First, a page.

During most of the documentary, I was applauding Ohio state for at least trying to create a therapeutic environment for its mentally ill inmates. But there were a couple of comments which made me rethink. Reginald Wilkinson, the Director of the Ohio Department of Corrections said that he once had a judge mention to him: "Well, I hate to do this, but you know the person will get treated if we send the person to prison." So judges are more likely to give a prison sentence because they feel there's better mental health care there? My question was confirmed later in the documentary when it pointed out: "We shouldn't devote ourselves to continually raising the level of mental health care in prisons because the better you make an institution that shouldn't be used for the purpose you're improving, the more you're ensuring its use."

It's a catch-22. If you don't work to take care of the mentally ill in prisons, they'll get worse and you'll have to stash them away in solitary or other "general population" punishment areas. If you do develop a system to care for the mentally ill, then you end up with even more mentally ill people dumped into your system, where they don't belong. So tragic. I wish enough people cared about this highly stigmatized group so that money could be raised to properly care for both the imprisoned and the unimprisoned mentally ill.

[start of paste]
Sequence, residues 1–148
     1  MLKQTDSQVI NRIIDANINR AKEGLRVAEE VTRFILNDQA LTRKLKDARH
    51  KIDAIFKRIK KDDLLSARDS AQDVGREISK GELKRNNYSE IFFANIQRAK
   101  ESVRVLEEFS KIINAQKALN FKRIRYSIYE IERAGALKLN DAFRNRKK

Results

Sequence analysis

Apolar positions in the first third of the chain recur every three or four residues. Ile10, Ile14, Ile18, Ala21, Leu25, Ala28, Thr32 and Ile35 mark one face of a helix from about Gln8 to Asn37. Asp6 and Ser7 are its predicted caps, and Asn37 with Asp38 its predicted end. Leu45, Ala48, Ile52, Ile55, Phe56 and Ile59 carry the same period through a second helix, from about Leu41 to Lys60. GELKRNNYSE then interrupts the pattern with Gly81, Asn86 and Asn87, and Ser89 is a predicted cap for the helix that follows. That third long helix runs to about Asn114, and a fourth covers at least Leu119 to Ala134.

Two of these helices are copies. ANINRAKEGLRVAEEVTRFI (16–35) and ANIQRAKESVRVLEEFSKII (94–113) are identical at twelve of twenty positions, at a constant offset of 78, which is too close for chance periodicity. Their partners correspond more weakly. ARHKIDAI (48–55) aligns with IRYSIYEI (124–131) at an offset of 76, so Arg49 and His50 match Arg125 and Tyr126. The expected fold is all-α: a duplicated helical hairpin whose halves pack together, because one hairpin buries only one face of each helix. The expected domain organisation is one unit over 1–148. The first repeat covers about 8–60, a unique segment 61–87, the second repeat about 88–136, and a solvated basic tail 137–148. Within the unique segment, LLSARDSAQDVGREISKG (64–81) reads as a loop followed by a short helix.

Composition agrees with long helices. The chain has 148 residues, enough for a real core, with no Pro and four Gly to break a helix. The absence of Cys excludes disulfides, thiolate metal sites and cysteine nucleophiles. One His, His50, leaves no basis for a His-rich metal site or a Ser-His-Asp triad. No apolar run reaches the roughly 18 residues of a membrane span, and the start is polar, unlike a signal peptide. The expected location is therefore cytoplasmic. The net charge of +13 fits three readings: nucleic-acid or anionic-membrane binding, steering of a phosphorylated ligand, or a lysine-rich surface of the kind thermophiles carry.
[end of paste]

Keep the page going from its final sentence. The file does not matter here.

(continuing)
4 snowflakes for interest level, research, approachableness, and subject

This is a series of posts summarizing what I'm learning in my Abnormal Psychology course. Much of the information provided comes from reading my James N. Butcher's textbook Abnormal Psychology. To read the other posts, follow these links: 

The Definition of Abnormal
A History of Abnormal Psychology
Abnormal Psychology in Contemporary Society
Contemporary Viewpoints on Treating Mental Illness - Biology
Contemporary Viewpoints on Treating Mental Illness - Psychology
Frontline: New Asylums
Brave New Films: This is Crazy
Clinical Mental Health Diagnosis: Biological Assessment
Clinical Mental Health Diagnosis: Psychological Assessment
Does the DSM Encourage Overmedication?
Post Traumatic Stress Syndrome - The Basics
Panic Disorder
Obsessive Compulsive Disorder
Hoarding and Body Dysmorphic Disorders
Depression - an Overview
Personality Disorders - Clusters and Dimensions
Personality Disorders - Cluster A
Personality Disorders - Cluster B
Personality Disorders - Cluster C
Biological Effects of Stress on Your Body
Somatic Symptom and Related Disorders
Dissociative Disorders
Borderline Personality Disorder
Dialectical Behavioral Therapy
Paraphilic Disorders
Gender Dysphoria - Homosexuality and Transgender
Anxiety Disorders
Bipolar Disorder - The Basics
Suicide - An Overview


  1. I have not seen this documentary. However I find that in general, Frontline documentaries are excellent and informative.

    This sounds as if it raises all kinds of serious questions that present no easy answers. I am sure that the fact that the United States has such a high percentage of its population in prison is worsening the problem.

    1. Well, I imagine a big part of why the prisons have such high populations is that it's housing mentally ill people off the streets, but that's certainly not the only problem. Our rather punitive society thinks the best thing to do is lock people with deviant behavior up - out of sight, out of mind. But out of our pockets, too. I hear so many complaints about wellfare and unemployment and bankruptcy - yet these same people don't seem to mind paying for homeless people to live in prisons.